Based in Chicago, Illinois, Jerome Eberle works as the editorial coordinator for the American Academy of Periodontology. In this capacity, he works closely with the editorial coordinator within the publications and marketing department. Prior to joining the American Academy of Periodontology, Jerome Eberle was an editorial assistant to the adult books editor of Booklist Magazine. This publication is a twice-monthly journal of book reviews produced by the American Library Association (ALA).
As the oldest and largest library association in the world, the ALA was started in 1876. It provides leadership for the promotion, development, and improvement of library and information services. The organization offers support through events, publications, news, and advocacy resources.
One of the events hosted by the ALA is the Midwinter Meeting & Exhibits. The 2015 event, which was held January 30 through February 3 in Chicago, Illinois, featured speakers including actors Jason Segel and LeVar Burton, cartoonist Jeff Smith, and author Ayaan Hirsi Ali. Attendees also took part in networking opportunities, visiting exhibits, and participating in discussion groups.
Between 2005 and 2010, Jerome Eberle served the American Library Association as a publishing assistant. In addition to his other professional pursuits, Jerome Eberle continues to serve the American Library Association as a book reviewer.
There are a few guidelines most writers follow when authoring a book review. All book reviews should feature a short synopsis of the story that helps readers get an idea of the book’s content while revealing as few specific plot points as possible. Reviewers should supplement their general summary with a more comprehensive analysis of thematic aspects and character development. Again, reviewers should refrain from writing too many details about character motivations and other information that might spoil the book for readers.
A book review should also comment on the author’s style, including comments on the use of imagery and approach to pacing. Comparing the author’s style to similar writers can be helpful for readers who are unsure if they will enjoy the book or not. Finally, the reviewer should include his or her personal reaction to the book. If the reviewer maintains a balance between technical evaluation and individual opinion, readers can get a good sense of whether or not the book is worth their time.
When one is writing a book review, whether in response to an online purchase or in an academic context, it is important to keep in mind that the review will garner the most appreciation if it is both informative and entertaining. Before and while reading the book there are certain considerations that will help the review be successful. Some of these include: writing for the audience; focusing on main characters and themes of the book; and including a critical analysis. The general public, as an audience, will be receptive to a casual style of writing, while a more technical or academic audience will require more specialized language. It is a good idea to avoid subplots and minor characters and focus on detailing the core themes presented by the author. And, of course, while it is pleasant to give a plot synopsis, readers of the review are really looking for a critical analysis backed by detailed reasons and examples.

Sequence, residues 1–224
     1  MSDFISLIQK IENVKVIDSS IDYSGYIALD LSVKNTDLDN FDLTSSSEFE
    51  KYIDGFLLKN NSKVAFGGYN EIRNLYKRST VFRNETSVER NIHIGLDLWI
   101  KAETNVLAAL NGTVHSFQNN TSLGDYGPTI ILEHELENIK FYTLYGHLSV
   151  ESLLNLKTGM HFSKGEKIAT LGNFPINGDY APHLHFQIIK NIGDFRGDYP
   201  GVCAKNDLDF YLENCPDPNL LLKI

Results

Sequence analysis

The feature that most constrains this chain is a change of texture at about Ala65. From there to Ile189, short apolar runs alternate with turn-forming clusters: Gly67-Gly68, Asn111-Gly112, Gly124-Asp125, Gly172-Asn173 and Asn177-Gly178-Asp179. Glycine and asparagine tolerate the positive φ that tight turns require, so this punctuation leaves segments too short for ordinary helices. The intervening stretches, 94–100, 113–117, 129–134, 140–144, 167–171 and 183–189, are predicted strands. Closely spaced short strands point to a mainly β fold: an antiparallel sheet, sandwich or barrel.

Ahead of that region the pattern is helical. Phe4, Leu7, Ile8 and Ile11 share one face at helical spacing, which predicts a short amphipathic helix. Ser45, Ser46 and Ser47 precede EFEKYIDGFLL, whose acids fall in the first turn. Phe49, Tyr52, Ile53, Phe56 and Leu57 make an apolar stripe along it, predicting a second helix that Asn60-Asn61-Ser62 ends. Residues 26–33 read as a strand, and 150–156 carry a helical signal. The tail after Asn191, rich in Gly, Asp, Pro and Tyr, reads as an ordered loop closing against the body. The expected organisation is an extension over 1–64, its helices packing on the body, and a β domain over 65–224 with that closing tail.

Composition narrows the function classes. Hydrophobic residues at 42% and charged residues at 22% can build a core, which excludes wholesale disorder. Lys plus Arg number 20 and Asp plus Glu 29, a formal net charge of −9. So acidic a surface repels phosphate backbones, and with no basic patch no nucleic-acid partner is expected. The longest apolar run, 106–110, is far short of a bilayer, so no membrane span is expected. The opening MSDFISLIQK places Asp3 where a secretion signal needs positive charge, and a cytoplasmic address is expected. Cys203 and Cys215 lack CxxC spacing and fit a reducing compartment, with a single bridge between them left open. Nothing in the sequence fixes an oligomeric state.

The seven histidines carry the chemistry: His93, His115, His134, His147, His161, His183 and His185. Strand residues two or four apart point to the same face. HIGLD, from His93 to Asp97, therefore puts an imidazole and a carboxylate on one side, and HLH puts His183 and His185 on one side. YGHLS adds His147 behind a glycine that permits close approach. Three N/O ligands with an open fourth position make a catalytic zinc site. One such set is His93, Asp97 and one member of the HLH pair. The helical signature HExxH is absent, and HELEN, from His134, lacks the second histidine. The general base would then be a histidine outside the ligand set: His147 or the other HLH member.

Jerome Eberle, a writing and editing professional based in Chicago, is a former Publishing Assistant at the American Library Association. He now works at the American Academy of Periodontology and still contributes book reviews to the ALA’s trade publication Booklist Magazine.
While the editing process is different at each publishing house, there are essentially three steps that are followed by most.
The first is typically the macro edit, during which the editor will give general notes to the author about the content and expect the author to use those to edit his or her manuscript.
Second is the line edit, during which the editor goes through content line by line, highlighting inconsistencies and anything else that may need changing. This is also when the editor must help the author align his or her writing to fit the house style guidelines.
Lastly, there is the copy edit, during which typos, spelling, and punctuation are corrected, and facts and permissions are verified.
As Editorial Coordinator in the publications and marketing departments of the American Academy of Periodontology, Jerome Eberle provides editorial support. He received his degree in English literature in 2000 and his certificate in editing in 2008.